Clock ticking down on 9/11 responder law
Lawmakers in both chambers are racing against the clock to extend health and compensation benefits for the responders and victims of the 9/11 terrorist attacks.
Parts of the James Zadroga Act expired last month — and funds for the health benefits program will begin drying up early next year — but the effort to renew the law has been hampered by ongoing disagreements over spending levels, the window for reauthorization and which offsets will cover the multi-billion-dollar price tag.
House Speaker Paul Ryan (R-Wis.), who supports the reauthorization effort, has called on a pair of committee heads — Judiciary Chairman Bob Goodlatte (R-Va.) and Energy and Commerce Chairman Fred Upton (R-Mich.) — to iron out those details.
"We should get this done by the end of the year," Ryan said last week.
The request is in line with Ryan's promise to stick to regular order in moving bills through the lower chamber.
But with the clock ticking down on 2015, the champions of the Zadroga renewal increasingly see their best chance in attaching the measure to a larger legislative package. The highway bill is one option, supporters say. But the better odds might lie with the omnibus bill, a year-end spending package Congress must pass by Dec. 11 to prevent a government shutdown.
"That appears to be the vehicle," Rep. Peter King (R-N.Y.), a lead sponsor of the House bill, said Wednesday by phone. "The problem is we're coming down to the wire here."
King's bill, sponsored with Rep. Carolyn Maloney (D-N.Y.), would permanently extend two separate initiatives authorized by the original Zadroga law: the World Trade Center Health Program, which provides healthcare benefits for emergency and cleanup workers who responded to the 911 attacks; and the September 11th Victims Compensation Fund (VCF), which covers losses for those physically injured — or for relatives of those killed — by the attacks. The VCF was designed to discourage lawsuits stemming from the tragedy.
Sen. Kirsten Gillibrand (D-N.Y.) has sponsored a companion bill in the upper chamber. Sen. Mark Kirk (Ill.) is the leading Republican co-sponsor.
The proposals have plenty of support to clear each chamber — the House bill has 256 co-sponsors and the Senate companion has 66 — but most of the endorsements are from Democrats, and the Republican committee heads have been slow to consider the legislation.
That, it seems, is about to change.
Goodlatte's Judiciary Committee, which has jurisdiction over the VCF, is working on its own proposal to reauthorize the compensation fund for five years — rather than the permanent extension — and provide an additional $2.775 billion to fill it. The cost would be offset with "funds seized from the state sponsors of terror," not taxpayer dollars.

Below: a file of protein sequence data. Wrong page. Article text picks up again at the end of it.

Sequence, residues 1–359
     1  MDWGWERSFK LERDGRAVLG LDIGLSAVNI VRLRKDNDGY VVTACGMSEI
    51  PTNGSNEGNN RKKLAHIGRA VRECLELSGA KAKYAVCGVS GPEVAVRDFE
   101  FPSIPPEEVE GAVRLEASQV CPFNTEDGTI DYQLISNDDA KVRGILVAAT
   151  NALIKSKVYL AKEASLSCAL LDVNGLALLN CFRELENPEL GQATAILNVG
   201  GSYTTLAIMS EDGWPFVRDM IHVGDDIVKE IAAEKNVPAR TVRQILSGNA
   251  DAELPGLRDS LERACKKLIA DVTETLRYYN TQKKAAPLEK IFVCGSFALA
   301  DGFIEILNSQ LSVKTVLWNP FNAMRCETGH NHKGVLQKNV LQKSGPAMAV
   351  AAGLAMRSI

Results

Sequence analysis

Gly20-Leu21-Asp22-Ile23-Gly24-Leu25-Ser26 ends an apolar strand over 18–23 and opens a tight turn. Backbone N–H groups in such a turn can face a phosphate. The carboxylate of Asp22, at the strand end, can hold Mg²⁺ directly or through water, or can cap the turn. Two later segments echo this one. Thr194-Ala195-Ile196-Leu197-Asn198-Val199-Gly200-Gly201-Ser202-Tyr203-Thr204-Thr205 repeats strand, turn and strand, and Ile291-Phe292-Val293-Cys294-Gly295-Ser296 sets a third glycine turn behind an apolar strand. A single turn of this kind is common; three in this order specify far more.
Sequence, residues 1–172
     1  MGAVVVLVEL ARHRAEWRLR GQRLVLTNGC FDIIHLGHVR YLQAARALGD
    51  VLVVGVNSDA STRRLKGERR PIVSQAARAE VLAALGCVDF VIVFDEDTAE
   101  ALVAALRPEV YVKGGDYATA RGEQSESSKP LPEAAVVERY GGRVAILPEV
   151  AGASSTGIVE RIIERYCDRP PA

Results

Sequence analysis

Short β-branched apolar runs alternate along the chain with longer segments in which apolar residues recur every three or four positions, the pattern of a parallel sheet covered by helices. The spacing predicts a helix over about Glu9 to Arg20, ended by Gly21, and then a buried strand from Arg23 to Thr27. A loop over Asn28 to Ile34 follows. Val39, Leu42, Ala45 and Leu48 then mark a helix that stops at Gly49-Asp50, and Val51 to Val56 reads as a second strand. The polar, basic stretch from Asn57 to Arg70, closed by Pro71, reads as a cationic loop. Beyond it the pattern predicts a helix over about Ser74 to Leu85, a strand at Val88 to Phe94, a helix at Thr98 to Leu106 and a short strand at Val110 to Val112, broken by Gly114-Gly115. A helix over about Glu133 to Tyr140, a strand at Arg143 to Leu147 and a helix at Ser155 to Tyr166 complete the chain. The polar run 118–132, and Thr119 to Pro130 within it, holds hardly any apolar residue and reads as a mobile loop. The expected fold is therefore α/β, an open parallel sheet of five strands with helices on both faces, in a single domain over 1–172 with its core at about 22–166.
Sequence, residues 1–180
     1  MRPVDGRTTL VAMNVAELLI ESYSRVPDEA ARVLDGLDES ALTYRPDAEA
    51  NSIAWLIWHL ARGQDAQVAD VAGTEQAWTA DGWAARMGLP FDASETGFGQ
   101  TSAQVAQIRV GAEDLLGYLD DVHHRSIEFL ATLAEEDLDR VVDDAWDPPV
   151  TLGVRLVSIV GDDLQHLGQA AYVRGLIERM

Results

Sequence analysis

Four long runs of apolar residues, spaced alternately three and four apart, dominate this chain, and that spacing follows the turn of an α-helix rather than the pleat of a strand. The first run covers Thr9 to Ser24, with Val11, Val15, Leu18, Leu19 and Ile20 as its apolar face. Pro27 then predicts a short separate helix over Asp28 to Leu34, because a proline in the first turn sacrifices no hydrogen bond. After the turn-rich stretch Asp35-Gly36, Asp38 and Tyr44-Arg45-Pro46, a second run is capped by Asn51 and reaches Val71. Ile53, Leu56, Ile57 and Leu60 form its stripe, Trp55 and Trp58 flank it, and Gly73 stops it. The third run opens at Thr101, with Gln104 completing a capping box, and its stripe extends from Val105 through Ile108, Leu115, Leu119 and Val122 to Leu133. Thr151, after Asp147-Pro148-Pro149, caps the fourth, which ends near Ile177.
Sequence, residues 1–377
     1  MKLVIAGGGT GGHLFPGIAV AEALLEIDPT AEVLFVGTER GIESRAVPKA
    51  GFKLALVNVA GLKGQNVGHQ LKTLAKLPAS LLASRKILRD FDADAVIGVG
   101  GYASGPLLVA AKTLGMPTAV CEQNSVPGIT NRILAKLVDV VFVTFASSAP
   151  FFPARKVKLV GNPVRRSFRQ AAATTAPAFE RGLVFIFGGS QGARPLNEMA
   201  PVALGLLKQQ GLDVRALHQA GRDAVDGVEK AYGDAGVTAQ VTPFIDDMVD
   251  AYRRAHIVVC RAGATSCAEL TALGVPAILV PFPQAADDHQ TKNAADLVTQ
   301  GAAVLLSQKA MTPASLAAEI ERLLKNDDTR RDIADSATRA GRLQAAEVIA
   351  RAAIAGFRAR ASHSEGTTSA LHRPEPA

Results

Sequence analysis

That allocation, however, is far short of the funding needed to meet the VCF's obligations, which the Congressional Budget Office (CBO) estimates will require an additional $4.5 to $7.5 billion above current law.
Supporters of the Maloney-King bill say they're much more concerned about Goodlatte's funding levels than the condensed eligibility timeline.
"That's going to have to go higher than that," King said flatly.
King said he's met with Goodlatte, and the Judiciary chairman "is agreeable" to a funding level closer to $6 billion.
"The only disagreement is how it's paid for," King said.
The Maloney-King bill is offset by applying new fees — already paid by domestic insurance companies — to foreign-based insurance companies that are currently exempt. That provision, estimated to generate $9.5 billion over a decade, has been embraced by Democrats and Republicans, alike.
Goodlatte's alternative bill would also provide $1 billion to create a separate fund to compensate victims of other state-sponsored terrorist attacks, like the 1983 bombings of a U.S. Marine barracks in Lebanon.
The committee has not said when it will consider the bill.
The Energy and Commerce panel, which oversees the healthcare element of the Zadroga law, is more open to a permanent extension of the program, according to King.
Although Upton last month floated the idea of a five-year reauthorization on par with Goodlatte's proposal, Republicans on the panel have more recently indicated support for the permanent extension.
"But that's unofficial and they haven't come up with the cost estimates yet," King clarified. "The question is the pay-for."
Upton had proposed covering the cost by raising healthcare premiums on Medicare patients who earn more than $1 million per year. But that provision has long-been a non-starter for Democrats, whose support is needed to enact the legislation.
An Energy and Commerce aide said the committee is making progress, but no final decisions have been made on the bill's specifics.
Across the Rotunda, Sen. Lamar Alexander, chairman of the Senate health panel, said he considers the legislation "a top priority." But the Tennessee Republican suggested Congress has some time to play with.
“It is a top priority to reauthorize the legislation in the near future, that provides health care and support to the September 11th first responders and survivors, well before funds are needed for the continued smooth operation of the program," Alexander said Tuesday in a statement.
"The Centers for Disease Control and Prevention has assured us that funds remain available through the first part of next year to keep the program operating while Congress works to complete bipartisan legislation to extend this crucial program while making important reforms and improvements,” he added.
King had a more urgent message, warning that if Congress doesn't renew the legislation before year's end, doctors would begin to abandon the program and patients would be discouraged from participating.
"It would just create so much chaos," he said. "I don't even want to contemplate that.”